Moving into the quarterfinal, the USA matched up against Ireland, who finished fourth in the series last season. Most of gameplay saw the two teams taking turns with possession, forcing penalties on each other and testing defenses. The Eagles’ defense remained strong early on, as Ireland struggled to break through. Cheta Emba stood out in defensive and turnover plays, earning the ball back in Ireland’s line out and again in a remarkable tackle. Ireland responded with their own defensive pressure on the USA. At the 10th minute, Naya Tapper earned the only try of the game by stretching it long over the line, giving the USA a 5-0 win and a ticket to the semifinals.
Bydwell added, “The quarterfinal was a terrific battle against a really strong Irish outfit. That game revealed our character as a team, and reiterated our willingness to fight for each other regardless of how the game was unfolding.”
The USA Women’s Sevens knew they had a fierce matchup in the semifinal against New Zealand, who haven’t lost a semifinal since 2012. A quick turnover gave the USA early possession for some promising plays, including a stunning offload from Maher and a big carry from Tapper. Despite the USA’s organized defense in the first half, New Zealand was able to find a gap and carry over the try line.
A yellow card to Sam Sullivan for dangerous play put the USA at a disadvantage to end the first half, and the Black Ferns Sevens kept the pressure on through the remainder of the game. They remained clinical in their defense and conceded only one penalty to win 36-0. With experience gained from the matchup, the USA reset for a bronze final against France.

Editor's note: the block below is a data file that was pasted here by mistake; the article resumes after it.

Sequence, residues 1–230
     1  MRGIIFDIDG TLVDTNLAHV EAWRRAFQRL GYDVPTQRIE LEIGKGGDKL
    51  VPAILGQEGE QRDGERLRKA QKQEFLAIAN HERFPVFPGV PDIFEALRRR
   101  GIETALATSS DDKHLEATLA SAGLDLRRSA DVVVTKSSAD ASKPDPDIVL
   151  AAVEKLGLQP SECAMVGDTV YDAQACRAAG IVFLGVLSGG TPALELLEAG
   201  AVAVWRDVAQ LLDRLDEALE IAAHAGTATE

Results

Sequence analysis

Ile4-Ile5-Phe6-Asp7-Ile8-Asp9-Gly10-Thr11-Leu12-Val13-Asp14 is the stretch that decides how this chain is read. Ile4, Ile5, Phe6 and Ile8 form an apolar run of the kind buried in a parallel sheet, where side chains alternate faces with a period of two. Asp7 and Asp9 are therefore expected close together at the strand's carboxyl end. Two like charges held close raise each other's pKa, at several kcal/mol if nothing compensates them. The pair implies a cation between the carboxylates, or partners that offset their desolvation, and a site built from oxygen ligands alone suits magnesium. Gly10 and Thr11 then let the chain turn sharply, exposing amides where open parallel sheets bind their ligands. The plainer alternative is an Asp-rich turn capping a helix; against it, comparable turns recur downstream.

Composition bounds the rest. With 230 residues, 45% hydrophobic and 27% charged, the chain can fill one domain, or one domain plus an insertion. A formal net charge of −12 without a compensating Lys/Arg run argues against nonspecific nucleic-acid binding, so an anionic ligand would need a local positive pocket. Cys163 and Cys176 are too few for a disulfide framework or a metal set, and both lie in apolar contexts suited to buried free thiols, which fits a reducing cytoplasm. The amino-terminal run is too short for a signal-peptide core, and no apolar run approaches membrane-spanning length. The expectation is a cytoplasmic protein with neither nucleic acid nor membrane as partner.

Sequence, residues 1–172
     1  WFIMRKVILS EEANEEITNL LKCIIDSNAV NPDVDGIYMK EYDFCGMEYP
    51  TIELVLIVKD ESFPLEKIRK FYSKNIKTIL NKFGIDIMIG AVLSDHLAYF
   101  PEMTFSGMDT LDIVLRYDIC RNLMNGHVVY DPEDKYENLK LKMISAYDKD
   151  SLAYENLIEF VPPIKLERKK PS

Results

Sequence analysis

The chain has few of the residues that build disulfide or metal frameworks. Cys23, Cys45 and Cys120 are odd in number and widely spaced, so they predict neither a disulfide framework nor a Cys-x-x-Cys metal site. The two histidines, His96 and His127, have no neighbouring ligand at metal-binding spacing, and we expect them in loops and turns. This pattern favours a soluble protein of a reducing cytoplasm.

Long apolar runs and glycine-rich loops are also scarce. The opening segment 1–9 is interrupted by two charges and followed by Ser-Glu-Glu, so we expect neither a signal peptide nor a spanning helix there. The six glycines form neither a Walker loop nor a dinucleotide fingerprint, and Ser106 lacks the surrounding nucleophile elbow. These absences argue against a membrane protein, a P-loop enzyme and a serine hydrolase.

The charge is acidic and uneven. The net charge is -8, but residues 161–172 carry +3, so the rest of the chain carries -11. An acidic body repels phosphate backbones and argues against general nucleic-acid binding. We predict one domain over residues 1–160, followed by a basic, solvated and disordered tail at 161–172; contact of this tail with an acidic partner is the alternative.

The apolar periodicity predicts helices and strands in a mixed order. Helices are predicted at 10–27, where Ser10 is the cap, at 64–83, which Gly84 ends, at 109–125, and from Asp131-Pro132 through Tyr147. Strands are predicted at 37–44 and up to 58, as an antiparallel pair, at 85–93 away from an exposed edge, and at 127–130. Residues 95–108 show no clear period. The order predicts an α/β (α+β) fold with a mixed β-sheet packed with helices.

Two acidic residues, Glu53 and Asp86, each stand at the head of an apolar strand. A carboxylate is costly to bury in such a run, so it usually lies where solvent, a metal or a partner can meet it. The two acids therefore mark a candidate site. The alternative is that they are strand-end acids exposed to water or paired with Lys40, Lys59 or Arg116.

Bydwell’s comments after the bronze final: “What we are happy with is the way that we were able to reset after a disappointing semifinal, and come out to execute in the last game. We were on the other side of it at the Rugby World Cup 7s and we were determined to rewrite history with this match. The ability to do this is something that we need to carry forward into next weekend. Beyond that, we won this medal with all 13 players delivering in their roles, which is critically important for us to build off of as we progress through the season.”
The USA women’s bronze final against France featured outstanding plays as the Eagles entered the pitch hungry for a medal. It was a stunning start as Tapper fended off France for an early try. Emba earned the second try for the USA after Kirshe kept the ball in play with a quick offload. A yellow card to Ilona Maher gave France the power play, as they tried to stretch our defense wide. In the second half, Kris Thomas came off the bench and cut through the defensive line for a game-winning try. France dominated the USA’s scrum sets, but physical presence along with great counter rucking from the Eagles kept them on top for a 21-19 win.
Looking ahead, the squad will head to Cape Town with the same traveling roster as they look to rank in the top four for Olympic qualification. With the quick turnaround, the team will enjoy their medal-winning moment before shifting focus on recovery.
Cape Town Sevens begins Friday, December 9, streaming LIVE on Peacock.
|1. Cheta Emba (she/her)||23|
|2. Ilona Maher||18|
|3. Kayla Canett||15|
|4. Nicole Heavirland||28|
|5. Alex "Spiff" Sedrick||6|
|6. Alena Olsen||10|
|7. Naya Tapper (C)||26|
|9. Joanne "Nana" Fa'avesia (she/her)||24|
|10. Stephanie Rovetti||7|
|11. Kristen Thomas||33|
|12. Kristi Kirshe (she/her)||14|
|22. Sammy Sullivan||1|
|99. Jaz Gray||7|